A recent spate of great horror films like The Babadook and It Follows are films that not only transcend the horror genre but manage to break free from the restricting format of mainstream horror. They explore the lengths of what the horrifying may be, with refreshing new perspectives entwined with profound psychology while at the same time eschewing modern horror tropes and formulas. These are films that should be the representative art-force behind horror, a genre too often discredited by splatter and cheap jumpscares.
Horror attracts all sorts of people because of its genre expectancy and, despite the artistic integrity of the aforementioned films, there’s a rift between critics and so-called “fans” of horror, the lowest common denominator of viewers failing to see the greatness in such. They scan for those easy scares while their brains gloss over anything that appears like intellect, dumping it into unrecoverable recesses of the subconscious.
What exactly are they looking for? Have they legitimately been scared in the theater in the last decade? Or have these audiences been so desensitized to the horrific, leaving the horror genre to decay? Is it always about the corporeal and not the mind, or atmosphere or tone?
Every now and then a really great one comes around, and such is the case in Robert Eggers directorial debut, The Witch. Here’s a film that proves the genre is far from done, taking the voice and vision of one director to craft something powerful and intuitive like what’s on display here.
Set to the Puritan clamp of 17th century New England, a family is banished from their pious community due to a disagreement of belief which forces them to the fringes of society. In their remote abode at the edge of a dark forest, the family finds a comfort in their solitude, keeping themselves busy with work and the word of God.
William (Ralph Ineson) and Katherine (Kate Dickie) are the parents of five children: their newborn Samuel, fraternal twins Mercy (Ellie Granger) and Jonas (Lucas Dawson), a coming-of-age Caleb (Harvey Scrimshaw) and eldest daughter Thomasin (Anya Taylor-Joy), growing into her role as a woman. On a day like any other Thomasin plays an innocent game of peekaboo with baby Samuel that results in his unexplained disappearance. I should say that the circumstances are mysterious to the family; the audience is shown the fate of poor Samuel in one of the film’s first eerie and truly unsettling moments as it ends in his death by a witch in a bloody ritual.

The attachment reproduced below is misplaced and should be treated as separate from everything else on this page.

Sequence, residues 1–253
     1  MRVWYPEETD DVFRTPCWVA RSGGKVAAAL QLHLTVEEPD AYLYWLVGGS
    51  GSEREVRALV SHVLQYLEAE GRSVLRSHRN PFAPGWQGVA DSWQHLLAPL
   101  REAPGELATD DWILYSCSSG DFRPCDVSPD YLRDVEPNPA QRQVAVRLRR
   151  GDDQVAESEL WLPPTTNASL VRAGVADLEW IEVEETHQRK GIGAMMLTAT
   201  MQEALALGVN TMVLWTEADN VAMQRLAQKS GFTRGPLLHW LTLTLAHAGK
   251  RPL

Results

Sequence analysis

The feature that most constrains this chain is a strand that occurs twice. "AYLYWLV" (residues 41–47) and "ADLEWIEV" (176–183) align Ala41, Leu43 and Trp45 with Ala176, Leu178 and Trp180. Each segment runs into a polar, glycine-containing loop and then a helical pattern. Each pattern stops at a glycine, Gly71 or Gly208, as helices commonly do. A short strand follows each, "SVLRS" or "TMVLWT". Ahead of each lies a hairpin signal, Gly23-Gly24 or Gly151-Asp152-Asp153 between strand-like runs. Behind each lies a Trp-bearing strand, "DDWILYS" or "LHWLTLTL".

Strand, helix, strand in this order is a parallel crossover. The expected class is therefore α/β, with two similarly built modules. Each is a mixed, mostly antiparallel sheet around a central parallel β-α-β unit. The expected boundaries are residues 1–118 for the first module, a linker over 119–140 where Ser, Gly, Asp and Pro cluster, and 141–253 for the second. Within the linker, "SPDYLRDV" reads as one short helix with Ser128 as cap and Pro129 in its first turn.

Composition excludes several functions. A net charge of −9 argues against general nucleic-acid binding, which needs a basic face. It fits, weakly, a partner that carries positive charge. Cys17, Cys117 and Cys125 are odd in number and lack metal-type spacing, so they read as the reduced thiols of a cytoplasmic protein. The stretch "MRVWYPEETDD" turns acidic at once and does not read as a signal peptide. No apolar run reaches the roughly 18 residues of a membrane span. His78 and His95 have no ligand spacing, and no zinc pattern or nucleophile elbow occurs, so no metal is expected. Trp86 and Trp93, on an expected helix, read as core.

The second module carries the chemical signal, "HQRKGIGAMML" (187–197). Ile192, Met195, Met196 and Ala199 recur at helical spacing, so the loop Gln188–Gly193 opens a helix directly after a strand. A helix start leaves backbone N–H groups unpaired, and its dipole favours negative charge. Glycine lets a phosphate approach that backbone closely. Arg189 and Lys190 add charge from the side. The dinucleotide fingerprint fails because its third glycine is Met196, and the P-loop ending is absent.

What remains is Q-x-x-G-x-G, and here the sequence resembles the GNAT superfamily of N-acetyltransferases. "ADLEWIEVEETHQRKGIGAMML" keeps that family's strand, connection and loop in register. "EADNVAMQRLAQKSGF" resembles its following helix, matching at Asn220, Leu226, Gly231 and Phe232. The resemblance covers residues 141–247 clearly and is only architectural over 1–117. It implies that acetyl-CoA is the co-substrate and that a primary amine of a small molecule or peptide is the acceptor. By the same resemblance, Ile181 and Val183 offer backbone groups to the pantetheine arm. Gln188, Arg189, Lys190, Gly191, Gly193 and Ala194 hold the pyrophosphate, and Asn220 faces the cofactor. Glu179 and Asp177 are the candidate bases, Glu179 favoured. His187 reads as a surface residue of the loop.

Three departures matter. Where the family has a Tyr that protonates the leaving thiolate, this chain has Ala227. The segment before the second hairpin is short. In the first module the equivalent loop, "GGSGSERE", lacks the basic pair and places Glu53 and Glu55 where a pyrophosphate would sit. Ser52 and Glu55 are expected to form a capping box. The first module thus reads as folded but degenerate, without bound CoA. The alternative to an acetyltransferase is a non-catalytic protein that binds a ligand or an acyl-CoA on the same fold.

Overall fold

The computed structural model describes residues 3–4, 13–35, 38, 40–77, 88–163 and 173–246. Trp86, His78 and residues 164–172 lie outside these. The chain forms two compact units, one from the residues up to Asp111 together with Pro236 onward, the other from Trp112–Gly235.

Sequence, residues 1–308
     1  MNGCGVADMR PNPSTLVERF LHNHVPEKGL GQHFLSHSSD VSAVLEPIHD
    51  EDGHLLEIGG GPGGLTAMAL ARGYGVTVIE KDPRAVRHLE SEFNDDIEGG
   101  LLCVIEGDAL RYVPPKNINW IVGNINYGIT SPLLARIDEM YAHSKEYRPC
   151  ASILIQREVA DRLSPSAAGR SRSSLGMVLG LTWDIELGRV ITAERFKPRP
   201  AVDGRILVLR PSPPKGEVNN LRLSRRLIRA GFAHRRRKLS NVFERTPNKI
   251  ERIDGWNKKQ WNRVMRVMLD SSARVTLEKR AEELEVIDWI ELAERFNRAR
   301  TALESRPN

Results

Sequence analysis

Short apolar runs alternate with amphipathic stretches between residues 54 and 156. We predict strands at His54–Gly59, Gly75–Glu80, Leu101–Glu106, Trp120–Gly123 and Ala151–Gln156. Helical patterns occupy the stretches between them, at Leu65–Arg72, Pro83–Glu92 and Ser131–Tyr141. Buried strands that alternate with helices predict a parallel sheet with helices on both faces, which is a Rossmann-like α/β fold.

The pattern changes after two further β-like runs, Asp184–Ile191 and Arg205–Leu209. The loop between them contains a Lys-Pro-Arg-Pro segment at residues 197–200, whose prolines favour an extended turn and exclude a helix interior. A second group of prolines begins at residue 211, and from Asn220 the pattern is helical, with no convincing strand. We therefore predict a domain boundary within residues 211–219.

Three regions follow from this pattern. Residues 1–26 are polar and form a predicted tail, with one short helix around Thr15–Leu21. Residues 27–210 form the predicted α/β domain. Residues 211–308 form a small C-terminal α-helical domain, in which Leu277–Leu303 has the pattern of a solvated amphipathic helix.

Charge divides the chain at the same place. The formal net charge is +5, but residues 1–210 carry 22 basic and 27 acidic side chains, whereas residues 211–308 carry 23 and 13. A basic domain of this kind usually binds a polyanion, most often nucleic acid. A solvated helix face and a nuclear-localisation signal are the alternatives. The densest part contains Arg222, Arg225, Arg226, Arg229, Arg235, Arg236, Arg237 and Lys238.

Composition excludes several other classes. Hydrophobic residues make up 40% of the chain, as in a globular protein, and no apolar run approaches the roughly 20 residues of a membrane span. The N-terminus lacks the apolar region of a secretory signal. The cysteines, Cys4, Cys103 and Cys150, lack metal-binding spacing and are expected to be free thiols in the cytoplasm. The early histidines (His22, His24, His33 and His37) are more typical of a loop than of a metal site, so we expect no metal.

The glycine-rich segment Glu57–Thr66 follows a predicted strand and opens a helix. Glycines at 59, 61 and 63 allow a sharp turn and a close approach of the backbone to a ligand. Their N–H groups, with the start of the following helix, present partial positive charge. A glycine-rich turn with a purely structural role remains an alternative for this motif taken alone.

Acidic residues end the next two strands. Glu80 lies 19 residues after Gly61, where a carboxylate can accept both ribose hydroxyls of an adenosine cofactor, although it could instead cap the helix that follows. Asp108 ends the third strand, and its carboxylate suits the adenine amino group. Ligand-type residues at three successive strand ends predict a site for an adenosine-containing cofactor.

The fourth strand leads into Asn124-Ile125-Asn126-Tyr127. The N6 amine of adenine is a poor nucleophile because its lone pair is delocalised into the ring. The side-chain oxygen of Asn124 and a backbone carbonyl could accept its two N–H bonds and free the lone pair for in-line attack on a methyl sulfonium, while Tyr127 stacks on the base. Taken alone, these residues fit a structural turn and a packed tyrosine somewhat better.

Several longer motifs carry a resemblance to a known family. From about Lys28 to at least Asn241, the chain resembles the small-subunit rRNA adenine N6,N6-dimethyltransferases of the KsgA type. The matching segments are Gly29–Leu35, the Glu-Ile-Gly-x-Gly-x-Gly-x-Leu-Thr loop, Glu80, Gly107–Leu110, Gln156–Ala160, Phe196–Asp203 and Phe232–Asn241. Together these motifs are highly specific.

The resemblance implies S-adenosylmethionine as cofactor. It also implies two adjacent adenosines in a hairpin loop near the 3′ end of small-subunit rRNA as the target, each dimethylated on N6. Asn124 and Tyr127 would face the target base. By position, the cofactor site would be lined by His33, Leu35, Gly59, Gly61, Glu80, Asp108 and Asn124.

Katherine weeps for days and days, praying for the unbaptized soul of Samuel and blaming Thomasin for his disappearance. In this moment of despair Caleb asks whether it’s fair that an unbaptized baby is unjustifiably damned to hell. The Witch questions many of these Christian beliefs and presents them as restricting with the film’s time-period alluding to the religious disconnect between the modern and scripture – questioning outdated modes of thought.
The disappearance of Samuel is the film’s emotional crux exploring the dynamics of a family trying to understand the world around them in tandem with their religious beliefs. To make matters worse, Thomasin is transitioning into womanhood; she’s in that awkward phase where she’s fetishized for her youth yet reviled for it as well; the whore and the madonna. Her brother Caleb begins to coyly notice her breasts, while her mother seeks to get rid of her to another family and blames her for anything she can. Matters don’t get better for Thomasin when she jokingly scares the twins into believing she is the witch responsible for Samuel’s disappearance. This jest doesn’t go as planned and Thomasin’s faith in God goes under heavy scrutiny.
The film’s religious focus makes the connection between the restricting nature of religion and how it affects and restrains the woman. The story confines its women to the home, and when Thomasin is out, only bad things happen – like the disappearance of Samuel. The men share moments of limited freedom and camaraderie as they explore the nearby forest, but they’re still circumscribed by the laws of God. The film argues that, whatever lay out in the forest, it may be a better alternative to the life these characters live.
The Witch may be the best horror film of the last 20 years, perhaps even longer. Beautifully shot and accompanied by an unsettling amalgam of music and sounds, it’s a visual and aural nightmare revealing layers of complex narrative that casual audiences may miss. It’s eerie use of sound, atmospheric cinematography, and tight and confining framing offer terrifying and unsettling moments as well as communicating the film’s imprisoning religious overtones. If there was ever a horror film in this day and age that deserves award season recognition, this one is it.